05:02 - Maxine McKew

Jim, that's a nice segue to you, in the terms of the professional development and the extent to which we're set up to deliver on this. And for my reading, I must say of Gonski, the review is advocating really precisely what your master of clinical teaching is all about; developing expertise in young teachers, so that they can apply appropriate interventions to individual students.

05:26 - Jim Watterson

Precisely, Maxine, and I think Melbourne University and the Graduate School of Education has certainly pre-empted this report by making sure that our graduate teachers from our faculty are certainly focused on being able to identify where a young person's at, and then most importantly, develop that intervention. And I think that's an important skill that comes out through this report.

So from that perspective, I think it does focus on the major problem of practice, being able to, as a teacher, identify where each student is within a sometimes complex class and being able to progress that one year's worth of impact for each of those young people.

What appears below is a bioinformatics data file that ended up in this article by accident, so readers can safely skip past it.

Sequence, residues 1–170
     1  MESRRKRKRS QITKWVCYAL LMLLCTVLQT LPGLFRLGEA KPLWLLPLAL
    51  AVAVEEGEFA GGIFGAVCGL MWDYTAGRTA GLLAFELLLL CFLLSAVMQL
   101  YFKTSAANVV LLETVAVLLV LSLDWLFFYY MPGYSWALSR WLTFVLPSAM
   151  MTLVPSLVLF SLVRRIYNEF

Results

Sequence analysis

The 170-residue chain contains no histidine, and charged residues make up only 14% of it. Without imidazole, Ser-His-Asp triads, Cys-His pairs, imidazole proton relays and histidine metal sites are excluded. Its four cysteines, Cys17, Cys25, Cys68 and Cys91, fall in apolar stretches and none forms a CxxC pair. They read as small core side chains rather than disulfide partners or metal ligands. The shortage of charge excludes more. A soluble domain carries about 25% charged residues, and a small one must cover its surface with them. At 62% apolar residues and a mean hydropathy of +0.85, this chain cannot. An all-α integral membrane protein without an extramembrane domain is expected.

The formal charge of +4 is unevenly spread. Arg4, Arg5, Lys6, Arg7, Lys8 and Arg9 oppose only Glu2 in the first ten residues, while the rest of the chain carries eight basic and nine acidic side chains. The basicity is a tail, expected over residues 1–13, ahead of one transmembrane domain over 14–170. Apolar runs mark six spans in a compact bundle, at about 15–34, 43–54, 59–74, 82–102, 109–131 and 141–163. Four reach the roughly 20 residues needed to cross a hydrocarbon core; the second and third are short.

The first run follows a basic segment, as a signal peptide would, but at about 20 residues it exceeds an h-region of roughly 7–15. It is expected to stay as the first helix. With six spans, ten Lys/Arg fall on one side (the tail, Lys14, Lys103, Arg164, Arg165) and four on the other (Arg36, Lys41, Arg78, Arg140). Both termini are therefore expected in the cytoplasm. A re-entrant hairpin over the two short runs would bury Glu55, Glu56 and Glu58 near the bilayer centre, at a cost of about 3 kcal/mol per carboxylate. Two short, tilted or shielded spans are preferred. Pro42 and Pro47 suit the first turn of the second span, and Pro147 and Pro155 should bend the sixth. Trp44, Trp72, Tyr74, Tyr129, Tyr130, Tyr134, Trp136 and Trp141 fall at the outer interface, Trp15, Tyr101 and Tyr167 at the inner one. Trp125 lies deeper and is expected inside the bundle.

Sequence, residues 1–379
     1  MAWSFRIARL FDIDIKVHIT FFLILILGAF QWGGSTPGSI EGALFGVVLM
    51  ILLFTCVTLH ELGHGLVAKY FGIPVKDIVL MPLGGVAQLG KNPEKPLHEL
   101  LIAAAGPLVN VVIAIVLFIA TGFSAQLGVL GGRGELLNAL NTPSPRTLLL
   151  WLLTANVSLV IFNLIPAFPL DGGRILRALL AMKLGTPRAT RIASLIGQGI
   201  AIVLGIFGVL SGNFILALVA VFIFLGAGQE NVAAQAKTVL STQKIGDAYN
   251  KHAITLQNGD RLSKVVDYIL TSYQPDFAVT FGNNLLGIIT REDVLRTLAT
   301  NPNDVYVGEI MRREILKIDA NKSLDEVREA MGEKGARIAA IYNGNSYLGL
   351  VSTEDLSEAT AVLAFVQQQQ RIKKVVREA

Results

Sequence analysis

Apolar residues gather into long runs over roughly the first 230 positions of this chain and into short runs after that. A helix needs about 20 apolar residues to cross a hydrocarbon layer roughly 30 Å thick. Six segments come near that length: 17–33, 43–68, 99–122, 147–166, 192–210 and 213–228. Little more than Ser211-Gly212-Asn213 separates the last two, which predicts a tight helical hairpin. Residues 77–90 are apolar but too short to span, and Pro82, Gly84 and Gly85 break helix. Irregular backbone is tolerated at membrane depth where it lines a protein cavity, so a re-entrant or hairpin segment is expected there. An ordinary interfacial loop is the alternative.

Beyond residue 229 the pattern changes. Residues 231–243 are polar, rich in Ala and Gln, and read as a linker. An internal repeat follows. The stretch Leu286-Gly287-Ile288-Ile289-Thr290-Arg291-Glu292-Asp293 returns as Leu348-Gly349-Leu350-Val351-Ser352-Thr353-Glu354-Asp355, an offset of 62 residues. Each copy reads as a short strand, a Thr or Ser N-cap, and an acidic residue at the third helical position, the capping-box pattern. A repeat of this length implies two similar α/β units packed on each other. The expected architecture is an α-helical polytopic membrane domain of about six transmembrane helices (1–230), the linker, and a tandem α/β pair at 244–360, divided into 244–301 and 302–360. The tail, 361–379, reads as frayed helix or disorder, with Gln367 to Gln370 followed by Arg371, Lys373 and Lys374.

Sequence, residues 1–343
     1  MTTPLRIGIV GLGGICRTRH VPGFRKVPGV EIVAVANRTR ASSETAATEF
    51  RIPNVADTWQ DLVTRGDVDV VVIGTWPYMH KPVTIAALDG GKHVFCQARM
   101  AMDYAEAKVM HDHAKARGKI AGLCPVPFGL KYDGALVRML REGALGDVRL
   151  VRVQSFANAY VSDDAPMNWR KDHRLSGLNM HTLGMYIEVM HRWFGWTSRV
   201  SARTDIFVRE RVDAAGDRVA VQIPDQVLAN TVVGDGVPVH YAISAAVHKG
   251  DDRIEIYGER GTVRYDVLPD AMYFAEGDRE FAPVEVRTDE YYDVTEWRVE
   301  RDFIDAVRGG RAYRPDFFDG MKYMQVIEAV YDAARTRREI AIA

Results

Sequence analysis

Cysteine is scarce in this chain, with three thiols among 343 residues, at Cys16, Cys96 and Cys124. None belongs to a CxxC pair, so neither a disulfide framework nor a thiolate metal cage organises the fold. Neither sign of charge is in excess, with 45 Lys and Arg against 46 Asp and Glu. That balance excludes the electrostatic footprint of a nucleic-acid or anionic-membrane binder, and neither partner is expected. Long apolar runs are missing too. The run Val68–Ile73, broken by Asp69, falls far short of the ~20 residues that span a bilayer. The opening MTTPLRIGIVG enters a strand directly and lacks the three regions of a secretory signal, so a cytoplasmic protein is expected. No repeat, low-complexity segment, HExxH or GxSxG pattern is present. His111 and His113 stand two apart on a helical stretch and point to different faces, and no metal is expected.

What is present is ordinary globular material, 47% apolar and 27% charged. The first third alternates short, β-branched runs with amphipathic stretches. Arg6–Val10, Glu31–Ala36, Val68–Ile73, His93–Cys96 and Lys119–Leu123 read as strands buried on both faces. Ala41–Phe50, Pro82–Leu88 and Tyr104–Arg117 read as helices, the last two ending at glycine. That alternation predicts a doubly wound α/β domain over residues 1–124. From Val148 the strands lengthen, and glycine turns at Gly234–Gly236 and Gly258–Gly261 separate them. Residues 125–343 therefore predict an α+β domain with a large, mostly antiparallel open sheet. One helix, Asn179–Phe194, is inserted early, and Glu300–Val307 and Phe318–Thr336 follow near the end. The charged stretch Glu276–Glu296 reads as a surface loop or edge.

06:03 - Maxine McKew

Asha, can I bring you in? How do you see the challenges then, of really scaling up the best of what we're already doing?

06:09 - Asha Murthy

I think I'll reinforce the points that everyone's made so far, the notion that, teachers know. They know now, the lot of them doing it, individualized, personalized learning is something every teacher talks about. I think a point that Mark brought up, which is about the system structure ... I think the structure has a lot to do with what you can deliver. When you look at trying to deliver shifting outcomes, the Review talks about a lot of things, and I think a lot of them are "how to do things better." You want to transform the system. You want to keep improving it, but you also want to have some areas of risk-taking entrepreneurialism, which perhaps, is what we need to discuss. So the system structure, to me, has a lot to do with how we can move this forward.

06:57 - Maxine McKew

Could I suggest, in fact, it's not just system structure. We have system structures-

07:01 - Asha Murthy


07:01 - Maxine McKew

We have so many different structures.